A New Deal for Working People?

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Ahead of the General Election, expected to take place later this year, the Labour Party has announced a number of reforms called “A New Deal for Working People” to strengthen workers’ rights should the party be elected. Angela Rayner, Labour’s Deputy Leader, explained that the party would be introducing an employment rights bill within the first 100 days of the party being in office. The idea behind these new rights is Labour’s belief that jobs need to be rewarding again for employees to tackle the cost-of-living crisis and its effects on workers and the UK economy. While we are still waiting for details of the implementation of the reforms, some radical changes have been proposed.

The proposed reforms include:

  • introduction of a (higher) real living wage;
  • banning zero hours contracts;
  • strengthening family friendly policies;
  • strengthening trade union rights; and
  • introduction of further day one workers’ rights (including in relation to unfair dismissal and paid family leave).

The first reform proposed by Labour is to boost employees’ income via a higher living wage, which the party argues would end the “self-defeating low wage, low investment, and low productivity cycle that the country is in” as well as tackling the cost-of-living crisis. The National Minimum Wage increased to £11.44 in April 2024 for anyone over the age of 21, but the party argues that this is still not a genuine living wage in the current economy.

The next proposal Labour makes involves reforms to strengthen protections afforded to all workers by banning zero-hours contracts and contracts without a minimum number of guaranteed hours, ending fire and rehire, and scrapping qualifying periods for basic employment rights which have been identified as unfair dismissal, sick pay, and parental leave rights, which Labour wants to grant working people from day one of their employment. Along with making the right to protection from unfair dismissal a day one right, it is also proposed that the cap on compensation for unfair dismissal claims (currently c.£115,000 or 12 months’ salary, whichever is lower) is removed. Statutory sick pay will be available for all employees including those who earn less than the earnings threshold, who currently do not qualify under the statutory scheme.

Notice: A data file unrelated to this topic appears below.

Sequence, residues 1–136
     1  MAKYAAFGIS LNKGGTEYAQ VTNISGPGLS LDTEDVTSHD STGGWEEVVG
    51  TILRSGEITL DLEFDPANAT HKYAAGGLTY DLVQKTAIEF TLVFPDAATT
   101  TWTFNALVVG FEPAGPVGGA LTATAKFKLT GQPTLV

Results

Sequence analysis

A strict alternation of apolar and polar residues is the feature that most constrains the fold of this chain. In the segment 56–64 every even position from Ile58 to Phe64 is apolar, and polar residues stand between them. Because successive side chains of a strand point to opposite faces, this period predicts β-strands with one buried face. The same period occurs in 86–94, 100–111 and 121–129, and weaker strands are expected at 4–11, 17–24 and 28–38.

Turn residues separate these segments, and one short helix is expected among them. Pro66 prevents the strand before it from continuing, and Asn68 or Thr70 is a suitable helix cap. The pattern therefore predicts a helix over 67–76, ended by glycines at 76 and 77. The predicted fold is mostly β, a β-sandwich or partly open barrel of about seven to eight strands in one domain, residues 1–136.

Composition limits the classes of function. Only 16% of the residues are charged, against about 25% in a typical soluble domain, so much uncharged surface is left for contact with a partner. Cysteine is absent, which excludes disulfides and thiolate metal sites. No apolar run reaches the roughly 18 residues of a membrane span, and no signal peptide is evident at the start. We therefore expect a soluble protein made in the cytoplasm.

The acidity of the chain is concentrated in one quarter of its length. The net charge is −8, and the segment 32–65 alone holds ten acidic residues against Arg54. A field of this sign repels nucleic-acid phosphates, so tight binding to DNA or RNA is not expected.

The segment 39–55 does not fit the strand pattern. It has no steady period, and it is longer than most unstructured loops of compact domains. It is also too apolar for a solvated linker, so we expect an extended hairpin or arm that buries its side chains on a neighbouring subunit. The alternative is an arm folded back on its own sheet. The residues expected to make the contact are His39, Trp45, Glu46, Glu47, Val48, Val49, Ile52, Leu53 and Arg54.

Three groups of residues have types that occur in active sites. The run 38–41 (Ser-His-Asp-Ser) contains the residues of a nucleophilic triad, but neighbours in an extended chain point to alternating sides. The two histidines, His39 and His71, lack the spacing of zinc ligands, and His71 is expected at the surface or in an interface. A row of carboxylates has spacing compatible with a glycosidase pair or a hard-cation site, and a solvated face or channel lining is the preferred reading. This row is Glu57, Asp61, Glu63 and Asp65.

Particularly highlighted were Trade Union reforms. The Labour Party is planning to update the trade union legislation restricting union activity so that it will be easier for working people to collectively secure fair pay, and better employment terms and conditions.

Labour is also planning to strengthen family friendly rights by extending statutory maternity and paternity leave. The party also wants to introduce stronger rights for families dealing with emergencies, via paid family and carers’ leave (the right to one week of unpaid carers’ leave was introduced in April this year). Furthermore, Labour believes that employees should have better work-life balances including the right to disconnect from work and not be contacted by their employer outside of working hours following the example of European countries such as Germany and France which already have similar protections in place.

Various other changes have also been discussed.

Should the Labour party be elected and implement the package of proposed reforms, this will represent the biggest change to UK employment law in decades. Whilst there would likely be a period of grace for employers to prepare for the changes, with such significant reforms potentially on the horizon, employers need to start considering now the measures they would be required to take, not just in relation to contracts and workplace policies, but also to their budgets, recruitment strategies and culture.

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